February 2, 2023
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Life & Culture

Review: Crime thriller presents twisted tale


Directed by Denis Villenueve

When one thinks of autumn, thoughts of leaves gently floating in the breeze and children going trick-or-treating on Halloween immediately come to mind. Another thought that comes to mind is the start of the Oscar season, that glorious time of year when studios release their more coveted films and engage in a battle royale to secure a win at the Academy Awards. “Sicario,” a taut crime-thriller driven by raw emotion and fierce action, is one such film.

Set against the treacherous backdrop of the U.S.-Mexican border and directed by Academy Award–nominated director Denis Villeneuve, the film stars Emily Blunt as Kate Macer, an idealistic FBI agent determined to make a difference. When a kidnapping raid results in the discovery of several decomposing corpses hidden behind the walls of a derelict Arizona house and the sudden deaths of two fellow officers, Kate joins an interagency joint task force focused on apprehending the people responsible, only to find herself questioning everything she believes in as she is thrust onto the frontlines of the escalating war against drugs.

“Sicario” is, simply put, a powerfully moving and visually stunning experience. The vast desert scenery, barbaric interrogation torture-sequences and claustrophobic firefights work in synchronization to create a film that not only moves at a breakneck pace, but leaves viewers in a perpetual state of suspense from start to finish. Villeneuve, who is no stranger when it comes to directing thriller films, manages to once again succeed in this all-too-familiar territory by dealing with the topic of Mexican drug cartels in an uncomfortable yet graceful manner while simultaneously exploring the aforementioned topic from an entirely different angle.

The plot itself is not only original and entertaining, but also finds a wholly refreshing way to communicate with the audience in a beautifully minimalist manner. Taylor Sheridan’s screenplay is dark enough to make “Sicario” terrifying and gripping at the same time. Villeneuve, meanwhile, uses the slow-burn approach to gradually unfurl the narrative tapestry he has created and, with the exception of a slightly distracting subplot involving a Mexican police officer’s personal life, ensures that the story flows remarkably well. But despite the impressive craftsmanship, the layered performances of the main cast are what truly power this drama.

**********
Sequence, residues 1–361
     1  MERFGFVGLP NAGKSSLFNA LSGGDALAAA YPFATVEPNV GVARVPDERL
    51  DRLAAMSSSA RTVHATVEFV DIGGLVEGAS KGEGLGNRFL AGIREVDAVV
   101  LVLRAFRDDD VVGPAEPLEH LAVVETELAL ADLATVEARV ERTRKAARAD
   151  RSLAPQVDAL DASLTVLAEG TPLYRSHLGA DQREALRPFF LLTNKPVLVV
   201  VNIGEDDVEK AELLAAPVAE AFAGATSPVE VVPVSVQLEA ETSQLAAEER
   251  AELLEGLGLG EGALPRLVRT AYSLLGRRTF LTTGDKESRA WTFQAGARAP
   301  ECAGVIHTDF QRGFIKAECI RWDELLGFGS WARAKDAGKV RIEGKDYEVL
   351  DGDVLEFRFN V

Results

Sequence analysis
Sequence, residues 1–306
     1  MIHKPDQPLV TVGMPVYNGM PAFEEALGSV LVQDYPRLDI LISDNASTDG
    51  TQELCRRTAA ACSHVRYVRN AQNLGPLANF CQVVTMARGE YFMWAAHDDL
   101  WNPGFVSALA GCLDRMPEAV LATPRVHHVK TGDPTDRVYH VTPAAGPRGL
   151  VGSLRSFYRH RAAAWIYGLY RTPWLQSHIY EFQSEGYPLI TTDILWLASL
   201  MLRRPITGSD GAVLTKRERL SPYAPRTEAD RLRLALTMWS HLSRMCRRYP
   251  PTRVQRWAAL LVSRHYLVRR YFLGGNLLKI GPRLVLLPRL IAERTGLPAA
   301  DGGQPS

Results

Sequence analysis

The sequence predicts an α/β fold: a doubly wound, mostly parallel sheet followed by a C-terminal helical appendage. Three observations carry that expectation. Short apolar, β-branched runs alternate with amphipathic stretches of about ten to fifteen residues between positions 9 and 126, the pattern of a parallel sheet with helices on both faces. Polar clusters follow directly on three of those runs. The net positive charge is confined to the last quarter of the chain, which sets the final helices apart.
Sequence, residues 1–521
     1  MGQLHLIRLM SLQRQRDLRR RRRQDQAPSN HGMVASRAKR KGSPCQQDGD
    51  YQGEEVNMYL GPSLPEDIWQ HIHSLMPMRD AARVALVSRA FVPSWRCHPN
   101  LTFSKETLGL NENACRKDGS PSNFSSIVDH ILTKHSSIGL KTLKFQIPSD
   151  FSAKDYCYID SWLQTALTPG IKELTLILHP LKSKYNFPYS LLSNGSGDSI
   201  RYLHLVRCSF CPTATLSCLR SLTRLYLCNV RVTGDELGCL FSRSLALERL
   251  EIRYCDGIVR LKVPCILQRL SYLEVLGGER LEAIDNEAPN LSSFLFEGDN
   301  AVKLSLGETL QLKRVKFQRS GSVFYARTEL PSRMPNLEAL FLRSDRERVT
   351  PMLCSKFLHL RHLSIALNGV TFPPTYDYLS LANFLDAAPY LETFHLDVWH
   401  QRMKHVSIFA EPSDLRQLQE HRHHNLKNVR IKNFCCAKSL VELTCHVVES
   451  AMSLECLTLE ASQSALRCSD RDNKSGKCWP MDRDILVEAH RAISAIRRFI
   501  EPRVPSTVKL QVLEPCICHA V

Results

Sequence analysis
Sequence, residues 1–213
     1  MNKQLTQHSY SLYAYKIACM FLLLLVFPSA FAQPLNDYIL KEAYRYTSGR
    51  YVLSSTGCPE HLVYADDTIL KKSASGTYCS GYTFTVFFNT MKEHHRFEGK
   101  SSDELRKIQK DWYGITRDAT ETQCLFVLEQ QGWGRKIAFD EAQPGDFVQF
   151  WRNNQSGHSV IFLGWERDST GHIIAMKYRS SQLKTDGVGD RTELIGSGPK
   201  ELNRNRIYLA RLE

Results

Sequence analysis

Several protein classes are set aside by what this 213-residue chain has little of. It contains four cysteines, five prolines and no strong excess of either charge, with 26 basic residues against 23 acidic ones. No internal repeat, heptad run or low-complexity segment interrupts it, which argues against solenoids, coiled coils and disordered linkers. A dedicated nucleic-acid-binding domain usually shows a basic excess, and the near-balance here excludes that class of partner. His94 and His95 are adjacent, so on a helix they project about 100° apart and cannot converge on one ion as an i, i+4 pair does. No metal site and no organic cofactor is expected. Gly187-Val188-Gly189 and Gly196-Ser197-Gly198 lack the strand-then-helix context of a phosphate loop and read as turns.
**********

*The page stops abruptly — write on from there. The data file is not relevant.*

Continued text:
Blunt’s performance as Kate is perhaps the best she has ever given, primarily because there is a depth that goes beyond playing a fresh-faced agent with a strong sense of right and wrong. Her sudden loss of innocence prevents her from turning into a caricature, making it seem as if she wants the audience to know how it feels to have one’s notions of justice questioned.

Josh Brolin, who portrays CIA officer and task force leader Matt Graver, is a good foil to Blunt as his character is everything Kate isn’t: cold, cruel and fully committed to going as far as it takes to serve his country. Benicio Del Toro equally shines as Alejandro Gillick, Graver’s enigmatic associate and a former Mexican prosecutor who is more than he seems. He is so immersed in the role that viewers are left hanging from the edge of their seats at every possible moment.

Despite the fact that they aren’t heavily featured, the members of the supporting cast still manage to add color to the morally ambiguous world into which Kate is drawn. Reggie (Daniel Kaluuya), Kate’s partner, is in good force, as is Victor Garber, who is on hand in a minor role as Kate’s boss. Former “The Walking Dead” star Jon Bernthal rounds out the cast as Ted, an old acquaintance of Reggie’s who acts as a major catalyst into the film’s harrowing final act.

Cinematographer Roger Deakins, best known for previously working with Villeneuve on his 2013 film “Prisoners,” contributes by utilizing the camera to make it appear as though viewers are tethered to Kate as she drives through the slums of Juarez, Mexico, and makes her way through drug-smuggling tunnels. Johann Johannsson’s score also provides heightened tension every step of the way and never falters, going so far as to magnify a character’s emotions in a quiet moment or heighten a feeling of dread during a suspenseful scene.

Disturbing and hard-hitting, “Sicario” proves to be just as masterful as any dramatic film. It manages to exceed all expectations with both a stellar central cast and an exciting story, revealing what can only be described as a twisted tale that will leave viewers guessing until the very end.